November 2, 2011 by markstani
The longlist for this year’s MAN Asian Literary Prize looks strong and varied. It includes books from Japan, India, Pakistan, South Korea and Bangladesh. Here are the opening paragraphs to each of the longlistees. Various reviews will follow in due course.
THE WANDERING FALCON by Jamil Ahmad (Penguin India/Hamish Hamilton)
In the tangle of crumbling, weather-beaten and broken hills, where the borders of Iran, Pakistan and Afghanistan meet, is a military outpost manned by about two score soldiers.
THE GOOD MUSLIM by Tahmima Anam (Penguin India/Hamish Hamilton)
Eight days after the end of the war, Sohail Haque stands in a field of dying mustard. The petals of the mustard flower, dried to dust, tickle his nose and remind him of the scent of meat, which he has not tasted in several months.
REBIRTH by Jahnavi Barua (Penguin India)
You certainly took your time to show up. Year after year, we waited, your father and I, nerves jangling… I never gave up on you, I want you to know that.
THE SLY COMPANY OF PEOPLE WHO CARE by Rahul Bhattacharya (Pan Macmillan/Picador)
Life, as we know, is a living, shrinking affair, and somewhere down the line I became taken with the idea that man and his world should be renewed on a daily basis.
THE COLONEL by Mahmoud Dowlatabadi (Haus Publishing)
I’d better put my cigarette out first…
This was perhaps the twentieth butt that he had stubbed out since nightfall. He was feeling suffocated and he had smoked so much that he had lost all sense of taste. The cracked pane in front of him had steamed up. It was unusually quiet.
RIVER OF SMOKE by Amitav Ghosh (Penguin India/Hamish Hamilton)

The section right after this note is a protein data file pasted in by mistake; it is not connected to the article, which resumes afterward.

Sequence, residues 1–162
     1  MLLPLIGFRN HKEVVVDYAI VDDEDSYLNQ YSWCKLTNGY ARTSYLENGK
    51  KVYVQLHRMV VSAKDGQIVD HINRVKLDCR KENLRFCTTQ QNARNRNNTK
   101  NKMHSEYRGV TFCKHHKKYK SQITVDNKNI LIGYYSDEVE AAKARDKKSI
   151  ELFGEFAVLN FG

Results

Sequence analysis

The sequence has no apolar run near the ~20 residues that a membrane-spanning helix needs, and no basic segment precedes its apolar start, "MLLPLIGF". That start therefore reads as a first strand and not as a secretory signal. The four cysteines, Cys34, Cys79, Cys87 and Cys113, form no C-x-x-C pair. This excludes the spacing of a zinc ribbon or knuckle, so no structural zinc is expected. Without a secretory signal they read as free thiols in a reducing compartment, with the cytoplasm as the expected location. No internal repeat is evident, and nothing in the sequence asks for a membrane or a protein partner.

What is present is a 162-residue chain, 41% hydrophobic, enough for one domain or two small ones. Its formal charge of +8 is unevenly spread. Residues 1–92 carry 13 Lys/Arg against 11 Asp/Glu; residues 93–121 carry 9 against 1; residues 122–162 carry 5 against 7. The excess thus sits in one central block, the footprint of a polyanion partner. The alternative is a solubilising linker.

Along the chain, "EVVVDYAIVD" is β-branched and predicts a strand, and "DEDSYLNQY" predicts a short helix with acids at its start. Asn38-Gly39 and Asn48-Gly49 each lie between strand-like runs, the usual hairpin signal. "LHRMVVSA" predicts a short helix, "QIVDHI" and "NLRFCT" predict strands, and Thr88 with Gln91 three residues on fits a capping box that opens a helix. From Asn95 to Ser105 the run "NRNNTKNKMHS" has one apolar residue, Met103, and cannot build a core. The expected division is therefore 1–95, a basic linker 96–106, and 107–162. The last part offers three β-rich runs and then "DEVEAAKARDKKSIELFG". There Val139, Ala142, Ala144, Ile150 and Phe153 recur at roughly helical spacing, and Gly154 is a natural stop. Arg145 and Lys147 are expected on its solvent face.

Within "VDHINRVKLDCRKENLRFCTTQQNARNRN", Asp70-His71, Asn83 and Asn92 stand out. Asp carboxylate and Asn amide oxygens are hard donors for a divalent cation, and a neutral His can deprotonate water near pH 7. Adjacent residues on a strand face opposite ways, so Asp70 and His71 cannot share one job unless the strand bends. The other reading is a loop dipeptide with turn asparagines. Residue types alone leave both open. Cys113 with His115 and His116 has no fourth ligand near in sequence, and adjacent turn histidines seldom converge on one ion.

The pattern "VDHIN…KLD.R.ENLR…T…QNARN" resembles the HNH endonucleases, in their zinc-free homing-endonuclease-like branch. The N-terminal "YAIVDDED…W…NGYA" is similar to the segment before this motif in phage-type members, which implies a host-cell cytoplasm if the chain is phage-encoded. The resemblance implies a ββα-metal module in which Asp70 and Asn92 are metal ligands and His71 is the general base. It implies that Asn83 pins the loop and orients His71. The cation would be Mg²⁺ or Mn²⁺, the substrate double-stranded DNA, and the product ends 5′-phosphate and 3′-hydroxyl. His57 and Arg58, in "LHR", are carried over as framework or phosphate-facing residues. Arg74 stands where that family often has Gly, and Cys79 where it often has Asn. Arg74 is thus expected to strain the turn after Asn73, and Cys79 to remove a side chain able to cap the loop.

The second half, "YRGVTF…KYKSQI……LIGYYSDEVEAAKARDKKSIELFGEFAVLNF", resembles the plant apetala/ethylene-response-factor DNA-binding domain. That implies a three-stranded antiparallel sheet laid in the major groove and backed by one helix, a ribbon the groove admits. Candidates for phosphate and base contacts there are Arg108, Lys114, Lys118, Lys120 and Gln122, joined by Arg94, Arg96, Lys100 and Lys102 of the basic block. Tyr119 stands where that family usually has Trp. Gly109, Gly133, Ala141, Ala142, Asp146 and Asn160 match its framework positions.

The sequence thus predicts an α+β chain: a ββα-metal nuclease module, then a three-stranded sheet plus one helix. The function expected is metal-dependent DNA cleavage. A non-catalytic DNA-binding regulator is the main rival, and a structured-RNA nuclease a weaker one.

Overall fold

Deeti’s shrine was hidden in a cliff, in a far corner of Mauritius, where the island’s western and southern shorelines collide to form the wind-whipped dome of the Morne Brabant.
IQ84 by Haruki Murakami (Harvill Secker)
The taxi’s radio was tuned to a classical FM broadcast. Janacek’s Sinfonietta – probably not the ideal music to hear in a taxi caught in traffic. The middle-aged driver didn’t seem to be listening very closely, either.
THE FOLDED EARTH by Anuradha Roy (Quercus/Maclehose Press/Hachette India)
The girl came at the same hour, summer or winter. Every morning, I heard her approach. Plastic slippers, the clink of steel on stone. And then her footsteps, receding. That morning she was earlier.
PLEASE LOOK AFTER MOTHER by Kyung-sook Shin (Knopf/Weidenfeld)
It’s been one week since Mom went missing.
The family is gathered at your eldest brother Hyong-chol’s house, bouncing ideas off each other. You decide to make flyers and hand them out where Mom was last seen.
THE VALLEY OF MASKS by Tarun Tejpal (HarperCollins India/Fourth Estate)
This is my story. And the story of my people.
It is not a long story. Some men would tell it in the time it takes to drink a glass of bittersweet Ferment. And then there are those who would tell it in such detail that barrels would be drained dry and they would not arrive at its end.
DREAM OF DING VILLAGE by Yan Lianke (Grove Atlantic/Constable)
The dusk settles over a day in late autumn. The sun set above the East Henan plain, a blood-red ball turning the earth and sky a deep shade of crimson. As red unfurls, slowly the dusk turns to evening. Autumn grows deeper; the cold more intense. The village streets are all empty and silent.
THE LAKE by Banana Yoshimoto (Melville House)
The first time Nakajima stayed over, I dreamed of my dead mom.
Maybe it was having him in the room that did it, after having been alone so long.